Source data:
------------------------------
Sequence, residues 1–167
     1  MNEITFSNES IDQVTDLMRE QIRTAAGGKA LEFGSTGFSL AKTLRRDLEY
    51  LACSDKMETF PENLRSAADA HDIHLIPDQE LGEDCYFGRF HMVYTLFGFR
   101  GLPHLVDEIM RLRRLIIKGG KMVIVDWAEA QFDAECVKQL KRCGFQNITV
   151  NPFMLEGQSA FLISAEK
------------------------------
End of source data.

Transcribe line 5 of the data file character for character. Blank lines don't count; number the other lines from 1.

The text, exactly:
   151  NPFMLEGQSA FLISAEK